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Trigeminal Neuralgia by Dr. Khawaja S. Nasir

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What is trigeminal neuralgia?

It is a chronic debilitating painful condition that affects the main nerve (trigeminal nerve) that carries sensation from your face to your brain. It consists of episodes of sudden, severe, stabbing pain that occur for few seconds and are distributed across one side of the face. The pain is described by the patients as an “electric shock”, which may be severe enough to incapacitate them.

How common is trigeminal neuralgia?

Trigeminal neuralgia is a rare condition. It is estimated to affect nearly 12 individuals per 100,000 people. It takes place usually after age of 50 and can affect both men and women. However, it is more common in females.

How can I tell if I have trigeminal neuralgia?

An episode of trigeminal neuralgia may present as a jolt of excruciating electric pain that is limited to only one side of your face. The episode is short-lived and rarely lasts for more than 2 minutes. It can be a single episode or a series of episodes with short-intervals in between. Pain is often triggered after a mild harmless provocation, such as talking, smiling, brushing teeth, washing face, or even gentle breeze blowing against the skin.

During an active phase, episodes of trigeminal neuralgia may continue to take place daily for days, weeks or months. Similarly there may sometimes be a period of remission, during which pain may disappear and not return for several weeks, months or years.

What causes trigeminal neuralgia?

The exact cause of trigeminal neuralgia is not known. However, in most of the cases, it is believed to be due to compression of the trigeminal nerve from an adjacent blood vessel. These are normal blood vessels that are present along the route of the nerve as it branches out of the brain, and are normally present in the region. Currently, it is not clear why this pressure may result in development of trigeminal neuralgia in some people and not everyone else.

Similarly, trigeminal neuralgia may take place secondary to an underlying disease or disorder, such as a tumor, multiple sclerosis, or a malformation of blood vessels. Contrarily, in some patients there may be no apparent identifiable cause for trigeminal neuralgia.

Can trigeminal neuralgia be treated?  

There are no absolute cures available for trigeminal neuralgia. However, a number of treatments can offer relief from pain associated with trigeminal neuralgia.

The first form of treatment is usually medications. There are multiple types of specialized medications available that relieve pain and stop additional episodes of trigeminal neuralgia. Such medications have to be taken every day during the active phase of the condition. However, once the frequency or intensity of episodes wanes away, the use of medications can be decreased or stopped.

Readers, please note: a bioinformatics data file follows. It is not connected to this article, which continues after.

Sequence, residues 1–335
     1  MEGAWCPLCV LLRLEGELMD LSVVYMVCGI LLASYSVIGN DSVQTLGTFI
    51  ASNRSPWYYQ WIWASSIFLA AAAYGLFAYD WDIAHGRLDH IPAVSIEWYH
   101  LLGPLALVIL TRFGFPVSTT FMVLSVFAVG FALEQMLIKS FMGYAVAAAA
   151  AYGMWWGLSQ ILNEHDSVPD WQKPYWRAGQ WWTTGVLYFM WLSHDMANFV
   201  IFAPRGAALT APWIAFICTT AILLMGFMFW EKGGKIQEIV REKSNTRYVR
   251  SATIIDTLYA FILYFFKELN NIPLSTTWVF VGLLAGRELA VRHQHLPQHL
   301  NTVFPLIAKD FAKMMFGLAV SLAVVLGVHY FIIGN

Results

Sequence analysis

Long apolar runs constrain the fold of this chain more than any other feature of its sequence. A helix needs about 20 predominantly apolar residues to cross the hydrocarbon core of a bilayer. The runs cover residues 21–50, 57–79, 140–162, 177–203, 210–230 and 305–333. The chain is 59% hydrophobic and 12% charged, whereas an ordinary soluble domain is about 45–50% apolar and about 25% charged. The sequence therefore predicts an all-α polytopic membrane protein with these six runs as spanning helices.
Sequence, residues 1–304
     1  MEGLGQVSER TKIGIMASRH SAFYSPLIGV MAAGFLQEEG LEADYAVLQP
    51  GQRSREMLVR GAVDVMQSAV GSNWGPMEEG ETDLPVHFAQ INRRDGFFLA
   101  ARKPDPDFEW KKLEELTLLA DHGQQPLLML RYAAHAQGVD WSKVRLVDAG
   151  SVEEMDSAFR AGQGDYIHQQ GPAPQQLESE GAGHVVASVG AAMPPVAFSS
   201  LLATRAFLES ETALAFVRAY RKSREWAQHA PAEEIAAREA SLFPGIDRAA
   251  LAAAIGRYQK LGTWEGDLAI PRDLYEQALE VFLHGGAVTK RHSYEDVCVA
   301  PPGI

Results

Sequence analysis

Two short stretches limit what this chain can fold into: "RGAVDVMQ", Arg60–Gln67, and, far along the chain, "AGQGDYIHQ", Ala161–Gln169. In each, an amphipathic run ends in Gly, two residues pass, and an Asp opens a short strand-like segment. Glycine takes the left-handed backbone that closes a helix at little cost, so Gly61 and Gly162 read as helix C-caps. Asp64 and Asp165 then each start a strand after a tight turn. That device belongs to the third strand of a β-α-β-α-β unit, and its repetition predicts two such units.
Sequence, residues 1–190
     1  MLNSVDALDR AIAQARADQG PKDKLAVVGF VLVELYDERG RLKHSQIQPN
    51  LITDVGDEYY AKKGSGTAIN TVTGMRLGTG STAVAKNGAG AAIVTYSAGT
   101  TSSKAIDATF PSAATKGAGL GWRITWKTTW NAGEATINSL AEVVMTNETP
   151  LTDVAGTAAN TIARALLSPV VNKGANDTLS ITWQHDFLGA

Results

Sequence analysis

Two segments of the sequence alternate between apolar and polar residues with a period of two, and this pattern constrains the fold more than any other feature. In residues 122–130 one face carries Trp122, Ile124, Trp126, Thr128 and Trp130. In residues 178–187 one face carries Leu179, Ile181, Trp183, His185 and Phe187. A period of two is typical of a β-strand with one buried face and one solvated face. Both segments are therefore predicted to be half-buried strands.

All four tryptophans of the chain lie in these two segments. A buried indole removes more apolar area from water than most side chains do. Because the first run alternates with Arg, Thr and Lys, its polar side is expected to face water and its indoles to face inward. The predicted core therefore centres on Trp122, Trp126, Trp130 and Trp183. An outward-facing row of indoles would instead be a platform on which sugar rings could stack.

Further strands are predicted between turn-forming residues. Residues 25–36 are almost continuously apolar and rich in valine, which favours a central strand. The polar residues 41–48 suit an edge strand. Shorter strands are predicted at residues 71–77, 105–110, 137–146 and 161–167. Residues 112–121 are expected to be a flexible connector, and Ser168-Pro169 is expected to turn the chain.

Likewise, there are multiple types of injections that can provide short and long-term relief from symptoms. They can be used alone or in combination with medication therapy.

Lastly, there are multiple types of surgical options that can be considered. These consist of procedures that deliberately damage or injure the nerve, or reposition the blood vessel compressing the nerve. For patients that have limited relief from medications, or cannot tolerate the medications, surgical options can provide long-term relief from trigeminal neuralgia related symptoms.

Overall, there are numerous types of treatments available that may help you in treating trigeminal neuralgia. The correct choice of treatment depends on the underlying cause of the neuralgia and your general medical health. Not everyone responds to these treatment options in the same way. However, together with your doctor you should be able to find ways to treat your nerve pain.

When should I seek help? 

If you experience facial pain, particularly brief jabs of sudden excruciating electric pain that is not relieved by use of regular pain relievers, you should see a doctor.

What kind of doctor should I see?

A Pain Medicine or an Orofacial Pain specialist or a Neurologist with formal training in in evaluating and managing painful head and neck conditions can provide you with the appropriate care that you need to manage such painful conditions. If necessary, they may refer you to an Oral and Maxillofacial Surgeon or a Neurosurgeon for further care.

Dr. Khawaja Shehryar Nasir is a diplomat of American board of Orofacial Pain. He is currently practicing as an Orofacial Pain and Headache Medicine Consultant in Shaukat Khanum Memorial Cancer Hospital and Research Centre. You can now book an appointment with him through oladoc.com for your head, face, jaw and neck pain management related needs.

Disclaimer: The contents of this article are intended to raise awareness about common health issues and should not be viewed as sound medical advice for your specific condition. You should always consult with a licensed medical practitioner prior to following any suggestions outlined in this article or adopting any treatment protocol based on the contents of this article.
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